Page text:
Forum for Science, Industry and Business

Sponsored by:     3M 
Search our Site:

 

Debut of the global mix-master

26.08.2015

The Antarctic Circumpolar Current began its eastern flow through the Southern Ocean 30 million years ago after the Tasmanian gateway, migrating northward tectonically, aligned with the mid-latitude westerly wind band

Trekking across the high Canadian Arctic almost 20 years ago, Howie Scher had an unexpected encounter that helped fix the course of his career.


The Antarctic Circumpolar Current blocks the Southern Hemisphere equivalent of the Gulf Stream from delivering heat to Antarctica, Scher says.

Image: adapted from Nature

An undergraduate on a research expedition over summer break, Scher was part of a scientific group traveling deep into the Arctic Circle to collect basalt cores for paleomagnetic analysis. But as focused as the team was on finding rocks with magnetic minerals that can help establish where on Earth they had formed, it was stony deposits that had once been very much alive that really caught the team's collective eye.

"We stumbled across a fossil bone bed there," Scher says. "We were pulling out vertebrate fossils--crocodilians, turtles, bony fish--and when we got home we showed them to a paleontologist who told us it was a warm water assemblage. That was a great experience as a freshman in college, and it got me very interested in climate--just seeing how it had been so different in the past than what my experience was near the North Pole, trudging through the snow."

Now an associate professor at the University of South Carolina, Scher has made a career of climate science. He is part of an international team that recently published a report pinpointing the genesis of one of the cornerstones of the Earth's current climate system, the Antarctic Circumpolar Current.

A constant eastward flow of ocean water in the Southern Ocean encircling Antarctica, the Antarctic Circumpolar Current is akin to the Gulf Stream, the current that moves water through the Atlantic Ocean from the tip of Florida, along the east coast of North America, and, by extension into the North Atlantic Current, to the shores of western and northern Europe. The Gulf Stream's transport of warm southern waters northward is why many European countries have more temperate climates than would be expected purely from their latitudes (relatively mild London, for example, lies more than 500 miles further north than Toronto).

But if the Atlantic Circumpolar Current is something like the Gulf Stream, there's a notable difference: it's even bigger.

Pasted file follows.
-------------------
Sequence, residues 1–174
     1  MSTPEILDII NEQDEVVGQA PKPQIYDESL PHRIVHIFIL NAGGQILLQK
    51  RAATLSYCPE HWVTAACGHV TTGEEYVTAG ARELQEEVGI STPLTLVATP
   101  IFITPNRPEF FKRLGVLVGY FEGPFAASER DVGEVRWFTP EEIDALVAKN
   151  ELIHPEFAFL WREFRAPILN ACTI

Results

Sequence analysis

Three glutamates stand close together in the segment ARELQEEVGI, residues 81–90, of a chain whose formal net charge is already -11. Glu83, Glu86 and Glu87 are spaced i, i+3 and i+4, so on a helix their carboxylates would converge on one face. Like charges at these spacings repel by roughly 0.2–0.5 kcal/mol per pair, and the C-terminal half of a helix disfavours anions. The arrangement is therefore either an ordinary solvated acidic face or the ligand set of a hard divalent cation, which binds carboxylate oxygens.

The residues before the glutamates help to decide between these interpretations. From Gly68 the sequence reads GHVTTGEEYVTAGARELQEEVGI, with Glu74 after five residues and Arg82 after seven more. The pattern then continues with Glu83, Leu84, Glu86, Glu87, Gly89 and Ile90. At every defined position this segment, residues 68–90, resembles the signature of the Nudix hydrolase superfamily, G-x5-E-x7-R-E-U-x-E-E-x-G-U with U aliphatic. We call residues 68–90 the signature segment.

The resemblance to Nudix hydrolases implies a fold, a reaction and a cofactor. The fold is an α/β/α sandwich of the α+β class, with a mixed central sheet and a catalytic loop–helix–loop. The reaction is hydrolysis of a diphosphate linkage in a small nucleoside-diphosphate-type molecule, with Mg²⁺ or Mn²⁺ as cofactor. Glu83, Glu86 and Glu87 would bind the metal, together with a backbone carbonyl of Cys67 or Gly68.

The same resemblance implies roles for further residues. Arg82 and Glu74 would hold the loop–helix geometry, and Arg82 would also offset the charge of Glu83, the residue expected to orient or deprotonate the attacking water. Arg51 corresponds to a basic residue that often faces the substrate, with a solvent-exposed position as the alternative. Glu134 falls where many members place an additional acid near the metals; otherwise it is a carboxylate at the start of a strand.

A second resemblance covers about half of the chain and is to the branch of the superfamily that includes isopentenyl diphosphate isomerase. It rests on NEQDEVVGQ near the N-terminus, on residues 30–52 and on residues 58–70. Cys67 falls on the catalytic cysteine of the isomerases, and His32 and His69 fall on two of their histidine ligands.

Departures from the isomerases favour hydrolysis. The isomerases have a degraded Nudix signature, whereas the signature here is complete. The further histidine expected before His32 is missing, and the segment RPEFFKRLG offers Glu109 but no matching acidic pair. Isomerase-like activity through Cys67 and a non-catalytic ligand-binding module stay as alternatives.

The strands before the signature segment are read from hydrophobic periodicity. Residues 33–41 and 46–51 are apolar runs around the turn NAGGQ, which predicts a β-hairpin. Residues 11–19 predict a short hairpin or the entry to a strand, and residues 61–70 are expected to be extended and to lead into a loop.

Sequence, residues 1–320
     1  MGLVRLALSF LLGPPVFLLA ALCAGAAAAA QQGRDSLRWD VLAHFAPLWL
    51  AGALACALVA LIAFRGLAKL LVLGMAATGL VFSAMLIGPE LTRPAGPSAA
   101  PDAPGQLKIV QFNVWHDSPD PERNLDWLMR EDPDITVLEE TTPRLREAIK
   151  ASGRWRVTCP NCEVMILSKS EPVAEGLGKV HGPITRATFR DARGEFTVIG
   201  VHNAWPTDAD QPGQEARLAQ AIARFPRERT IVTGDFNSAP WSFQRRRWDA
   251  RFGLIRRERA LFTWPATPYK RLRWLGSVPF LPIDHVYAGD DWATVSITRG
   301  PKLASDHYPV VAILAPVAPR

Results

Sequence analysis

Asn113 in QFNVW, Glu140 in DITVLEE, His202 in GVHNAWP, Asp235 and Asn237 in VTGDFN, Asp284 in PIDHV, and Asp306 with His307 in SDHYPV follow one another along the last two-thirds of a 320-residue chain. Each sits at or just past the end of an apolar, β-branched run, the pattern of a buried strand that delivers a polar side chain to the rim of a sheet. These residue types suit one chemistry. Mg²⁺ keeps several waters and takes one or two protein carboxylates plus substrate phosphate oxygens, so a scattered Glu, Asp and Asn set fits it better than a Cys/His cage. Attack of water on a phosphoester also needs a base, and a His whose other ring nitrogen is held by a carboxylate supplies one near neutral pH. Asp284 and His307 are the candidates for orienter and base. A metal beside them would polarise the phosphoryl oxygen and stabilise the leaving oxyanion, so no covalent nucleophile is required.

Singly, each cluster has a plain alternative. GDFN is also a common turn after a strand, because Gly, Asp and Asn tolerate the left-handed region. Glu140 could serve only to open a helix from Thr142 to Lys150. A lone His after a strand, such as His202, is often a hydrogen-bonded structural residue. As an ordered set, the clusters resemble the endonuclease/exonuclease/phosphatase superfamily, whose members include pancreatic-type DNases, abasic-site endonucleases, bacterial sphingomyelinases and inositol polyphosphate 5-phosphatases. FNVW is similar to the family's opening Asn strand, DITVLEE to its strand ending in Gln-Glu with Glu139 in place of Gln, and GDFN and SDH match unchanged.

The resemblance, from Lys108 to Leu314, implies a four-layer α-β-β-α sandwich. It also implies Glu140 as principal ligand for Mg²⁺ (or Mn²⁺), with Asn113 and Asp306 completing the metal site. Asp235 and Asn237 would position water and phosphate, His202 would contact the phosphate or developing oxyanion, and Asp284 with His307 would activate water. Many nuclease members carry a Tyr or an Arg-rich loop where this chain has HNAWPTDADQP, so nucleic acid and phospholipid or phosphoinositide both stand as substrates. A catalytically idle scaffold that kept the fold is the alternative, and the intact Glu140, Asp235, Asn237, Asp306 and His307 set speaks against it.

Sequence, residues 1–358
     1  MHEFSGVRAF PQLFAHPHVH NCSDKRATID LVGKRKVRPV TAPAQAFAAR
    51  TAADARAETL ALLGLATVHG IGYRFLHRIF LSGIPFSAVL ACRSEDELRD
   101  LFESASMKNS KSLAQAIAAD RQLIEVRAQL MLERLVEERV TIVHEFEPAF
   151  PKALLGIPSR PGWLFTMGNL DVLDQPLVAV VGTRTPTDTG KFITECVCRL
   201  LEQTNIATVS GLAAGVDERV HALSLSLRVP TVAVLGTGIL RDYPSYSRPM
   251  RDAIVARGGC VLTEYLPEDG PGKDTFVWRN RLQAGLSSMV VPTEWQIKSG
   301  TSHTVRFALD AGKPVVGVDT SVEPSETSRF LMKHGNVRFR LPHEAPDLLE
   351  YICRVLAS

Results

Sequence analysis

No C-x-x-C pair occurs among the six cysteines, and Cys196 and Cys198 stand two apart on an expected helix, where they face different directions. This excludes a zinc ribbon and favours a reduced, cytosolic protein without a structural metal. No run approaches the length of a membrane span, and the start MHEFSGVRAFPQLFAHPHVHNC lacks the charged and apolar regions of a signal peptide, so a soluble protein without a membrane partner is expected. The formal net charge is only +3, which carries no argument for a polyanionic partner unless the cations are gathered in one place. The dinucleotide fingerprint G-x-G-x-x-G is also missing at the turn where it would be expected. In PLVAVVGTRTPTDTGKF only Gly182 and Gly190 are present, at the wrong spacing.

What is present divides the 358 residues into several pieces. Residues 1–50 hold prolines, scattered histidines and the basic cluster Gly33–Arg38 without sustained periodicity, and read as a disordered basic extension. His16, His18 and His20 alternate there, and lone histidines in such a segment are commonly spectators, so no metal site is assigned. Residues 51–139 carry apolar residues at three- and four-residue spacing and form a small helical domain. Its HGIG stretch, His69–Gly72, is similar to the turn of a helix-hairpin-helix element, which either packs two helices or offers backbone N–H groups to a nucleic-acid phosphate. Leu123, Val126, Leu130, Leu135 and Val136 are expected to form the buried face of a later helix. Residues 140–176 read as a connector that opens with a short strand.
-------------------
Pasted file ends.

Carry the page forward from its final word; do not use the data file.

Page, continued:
"It's the largest ocean current today, and it's the only one that connects all the ocean basins," Scher says. "The Atlantic, Pacific and the Indian are huge oceans, but they're all bounded by continents; they have firm boundaries. The Southern Ocean, around Antarctica, is the only band of latitude where there's an ocean that goes continuously around the globe. Because of that, the winds that blow over the Southern Ocean are unimpeded by continental barriers.

"So the distance that the wind can blow over the ocean, which as oceanographers we call the 'fetch,' is infinite. And fetch is one of the things that determines how high the waves are, how much mixing goes on in the oceans, and ultimately what drives surface ocean currents. With infinite fetch, you can have a very strong ocean current, and because this particular band of ocean connects all of the world's oceans, it transports heat and salt and nutrients all around the world."

In a paper recently published in the journal Nature, Scher and his team make the case for just when this massive ocean current first started flowing. One straightforward obstacle in the distant past was the arrangement of continental masses. Antarctica and Australia were part of a single super-continent, Gondwana, and began to separate about 83 million years ago, so the Pacific and Indian Oceans couldn't have been in contact near the South Pole before then.

It was much later than the initial separation of Australia and Antarctica that deep ocean currents could flow between the two continents, though. Paleoceanographers have identified a transition, the opening of the Tasmanian gateway, a deep-water channel between Tasmania and Antarctica, as being a necessary part of any large-scale, sustained flow on the order of the Antarctic Circumpolar Current.

Using novel information about the separation of Antarctica and Australia, Scher and his team developed a tectonic model that showed that the Tasmanian gateway first developed at least 500 meters of depth some time between 35 and 32 million years ago.

From geochemical analyses of sediment core, however, they concluded that the channel opening to that depth wasn't enough to get the Antarctic Circumpolar Current flowing. The Pacific Ocean is in contact with much younger rock than the Indian Ocean, Scher says, which leads to a distinguishing concentration in each ocean of one isotope of neodymium that has a half-life longer than that of the solar system.

By measuring neodymium isotope compositions incorporated into fish teeth fossils in core samples, the team was able to establish that eastward current flow between the Pacific and Indian Oceans didn't begin until about 30 million years ago, some 2 to 5 million years after the Tasmanian gateway opened.